|Plot Summary of Our Twisted Hero|
Hyperion, Feb 2001, 21.95, 122 pp.
Three decades have passed since Han Pyongt'ae moved from Seoul to the small Korean town due to his father's transfer after a dispute. Han knew that he expected to own the school after reaching fifth grade in the obviously much more sophisticated Seoul school.
However, instead of being the obvious leader in this small pond, Han soon realizes he has a rival in the older class monitor Om Sokdae. Han loses the indirect war and bows to Om's rules. He even begins to admire his opponent's abilities to successfully cheat and always win yet Han finds himself morose and unhappy in defeat.
OUR TWISTED HERO is a captivating allegory that will remind readers of tales like THE LORD OF THE FLIES or Holden Caulfield in Korea. The story line works because Yi Munyol never preaches, but instead allows the simplistic rivalry to unfold into a much deeper meaning and parallels events in his homeland. Han and Om engage the audience who surprisingly roots for both boys to somehow come up with a win-win deal. If this is any sample of the author's talent, readers will know that Mr. Munyol is a superstar that deserves his other novels to quickly be translated from Korean into other languages.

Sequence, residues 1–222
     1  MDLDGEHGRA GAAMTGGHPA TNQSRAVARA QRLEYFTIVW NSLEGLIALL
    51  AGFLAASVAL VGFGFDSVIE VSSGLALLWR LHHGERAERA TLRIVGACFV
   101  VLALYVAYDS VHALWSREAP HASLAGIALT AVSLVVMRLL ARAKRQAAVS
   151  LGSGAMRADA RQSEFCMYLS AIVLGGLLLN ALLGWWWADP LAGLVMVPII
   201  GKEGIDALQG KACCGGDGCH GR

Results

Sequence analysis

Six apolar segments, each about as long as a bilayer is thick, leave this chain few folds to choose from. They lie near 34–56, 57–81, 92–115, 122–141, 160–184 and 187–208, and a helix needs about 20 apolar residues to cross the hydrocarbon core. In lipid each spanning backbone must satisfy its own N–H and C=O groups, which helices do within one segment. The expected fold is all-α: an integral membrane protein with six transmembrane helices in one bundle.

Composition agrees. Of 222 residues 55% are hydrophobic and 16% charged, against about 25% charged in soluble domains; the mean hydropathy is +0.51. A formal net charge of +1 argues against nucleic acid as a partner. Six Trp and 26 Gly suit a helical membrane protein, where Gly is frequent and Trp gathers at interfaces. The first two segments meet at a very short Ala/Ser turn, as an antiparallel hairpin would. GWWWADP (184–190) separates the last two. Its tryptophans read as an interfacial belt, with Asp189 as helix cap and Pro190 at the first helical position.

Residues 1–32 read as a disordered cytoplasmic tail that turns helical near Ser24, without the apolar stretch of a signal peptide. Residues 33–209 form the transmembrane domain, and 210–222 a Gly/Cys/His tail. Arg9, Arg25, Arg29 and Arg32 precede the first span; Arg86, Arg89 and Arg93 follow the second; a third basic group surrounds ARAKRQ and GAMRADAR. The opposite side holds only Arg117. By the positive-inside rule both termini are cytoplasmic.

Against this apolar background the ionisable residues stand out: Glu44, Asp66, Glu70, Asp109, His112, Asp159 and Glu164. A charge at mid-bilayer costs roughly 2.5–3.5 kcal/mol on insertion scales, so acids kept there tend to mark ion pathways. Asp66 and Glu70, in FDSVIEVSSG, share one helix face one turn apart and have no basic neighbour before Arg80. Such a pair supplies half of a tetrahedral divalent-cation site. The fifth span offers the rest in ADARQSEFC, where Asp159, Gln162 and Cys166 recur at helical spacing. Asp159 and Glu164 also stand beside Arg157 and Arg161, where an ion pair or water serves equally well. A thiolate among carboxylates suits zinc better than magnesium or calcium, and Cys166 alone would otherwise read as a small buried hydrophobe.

This synopsis report prepared by Harriet Klausner
|Chapter Analysis of Our Twisted Hero|
Ratings are on a 1-10 scale (Low to High)
Time/era of story
Kids growing up/acting up?
Is this an adult or child's book?
- Adult or Young Adult Book
Outside culture (society)
Age group of kid(s) in story:
- grade school
- a kid
Amount of dialog
- significantly more descript than dialog
Note: the views expressed here are only those of the reviewer(s).
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